Military Presence and Aid Not the Answer
Increased military presence and aid alone will not prevent another Makombo Massacre.
By Noelle Barber
The tragedy in Northeastern Congo truly deserves our utmost attention and concern. First, the extent and persistence of the slaughter has resulted in an estimated 6 million deaths since 1996. Congolese in the northeast are brutalized and intimidated daily, men women and children live constantly with the threat of kidnap, rape, torture and death. Second, the extermination of the villages such as Makombo is something you and I, our Congress, and any person with a conscious and a piece of modern technology should take personally: This massacre is directly related to the highly profitable plunder of minerals, such as coltan, tungsten and cobalt, vital to our cell phones and computers. Mother Jones 2010: Blood and Treasure.
Indeed, the government in Kinshasa allows these massacres to continue, Rwandan and Ugandan leadership profit when villages of people are wiped out and enslaved to make room for unregulated resource mining. Yet the international community continues to provide the green light for both Kabila in Congo and Kagame in Rwanda and other international profit seekers to go on with their brutal business. Increased military presence and humanitarian aid will treat some of symptoms, but within this course of action, the underlying disease remains. For years to come it will cost a whole lot more than the 10 million dollars proposed in the Lord's Resistance Army Disarmament and Northern Uganda Recovery Act to support and treat the victims of the world’s most brutal and deadly conflict.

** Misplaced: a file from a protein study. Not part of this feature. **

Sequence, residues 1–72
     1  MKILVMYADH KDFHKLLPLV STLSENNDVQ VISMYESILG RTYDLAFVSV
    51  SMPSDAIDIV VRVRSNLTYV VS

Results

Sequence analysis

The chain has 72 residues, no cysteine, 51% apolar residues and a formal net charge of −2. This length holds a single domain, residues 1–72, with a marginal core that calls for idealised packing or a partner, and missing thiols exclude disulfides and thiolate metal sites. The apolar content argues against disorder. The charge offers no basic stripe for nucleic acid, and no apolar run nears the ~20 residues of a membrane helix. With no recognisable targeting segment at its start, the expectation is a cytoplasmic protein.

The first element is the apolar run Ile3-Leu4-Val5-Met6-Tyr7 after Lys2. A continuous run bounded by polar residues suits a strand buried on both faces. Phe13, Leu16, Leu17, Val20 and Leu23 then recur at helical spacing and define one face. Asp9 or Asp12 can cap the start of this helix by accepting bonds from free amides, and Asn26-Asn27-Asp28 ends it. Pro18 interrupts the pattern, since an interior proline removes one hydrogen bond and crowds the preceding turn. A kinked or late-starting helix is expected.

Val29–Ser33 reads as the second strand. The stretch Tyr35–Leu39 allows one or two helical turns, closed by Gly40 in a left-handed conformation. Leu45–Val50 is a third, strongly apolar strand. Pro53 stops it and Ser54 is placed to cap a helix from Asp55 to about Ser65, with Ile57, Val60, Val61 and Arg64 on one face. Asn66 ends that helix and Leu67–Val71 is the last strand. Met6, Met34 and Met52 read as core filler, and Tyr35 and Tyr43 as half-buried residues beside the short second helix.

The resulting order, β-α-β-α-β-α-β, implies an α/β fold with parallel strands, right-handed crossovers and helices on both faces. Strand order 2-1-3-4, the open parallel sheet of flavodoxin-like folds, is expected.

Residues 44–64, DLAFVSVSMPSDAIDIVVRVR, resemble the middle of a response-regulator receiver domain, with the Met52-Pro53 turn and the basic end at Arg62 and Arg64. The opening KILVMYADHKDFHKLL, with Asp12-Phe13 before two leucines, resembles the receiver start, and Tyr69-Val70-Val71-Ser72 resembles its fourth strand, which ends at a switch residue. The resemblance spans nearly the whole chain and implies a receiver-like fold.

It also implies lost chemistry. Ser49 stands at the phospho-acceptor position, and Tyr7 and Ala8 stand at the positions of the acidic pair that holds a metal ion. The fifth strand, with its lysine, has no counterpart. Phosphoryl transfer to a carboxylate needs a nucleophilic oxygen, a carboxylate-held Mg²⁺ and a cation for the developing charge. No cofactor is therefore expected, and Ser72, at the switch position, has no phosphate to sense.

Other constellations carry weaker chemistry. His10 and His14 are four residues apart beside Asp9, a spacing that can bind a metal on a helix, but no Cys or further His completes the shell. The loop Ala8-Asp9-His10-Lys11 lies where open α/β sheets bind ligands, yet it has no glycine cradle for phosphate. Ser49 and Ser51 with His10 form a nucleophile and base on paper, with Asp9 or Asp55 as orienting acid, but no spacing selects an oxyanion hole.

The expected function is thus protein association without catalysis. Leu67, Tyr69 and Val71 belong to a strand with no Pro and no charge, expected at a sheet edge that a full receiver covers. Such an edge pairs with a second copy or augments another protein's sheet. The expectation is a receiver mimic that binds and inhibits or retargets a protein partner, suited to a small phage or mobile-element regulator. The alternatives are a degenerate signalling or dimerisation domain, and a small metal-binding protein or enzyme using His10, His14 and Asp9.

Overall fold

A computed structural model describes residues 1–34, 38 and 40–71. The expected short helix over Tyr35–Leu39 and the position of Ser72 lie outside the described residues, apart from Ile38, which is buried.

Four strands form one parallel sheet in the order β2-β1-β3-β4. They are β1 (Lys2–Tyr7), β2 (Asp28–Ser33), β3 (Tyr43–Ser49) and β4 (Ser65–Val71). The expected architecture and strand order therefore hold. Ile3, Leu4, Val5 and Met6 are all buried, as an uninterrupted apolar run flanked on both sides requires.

It is excellent that the Los Angeles Times has made an effort to expose this horrifying incident to the American public and push for meaningful steps to end the conflict. Allow me to introduce an important perspective, one that cannot be ignored if Congo is to find a sustained and lasting peace within the country and along its borders. It is the voices and insights of the Congolese that must be heard, for in the end, the affairs of the Congo must be determined by the Congolese. Policy alternatives by Congolese.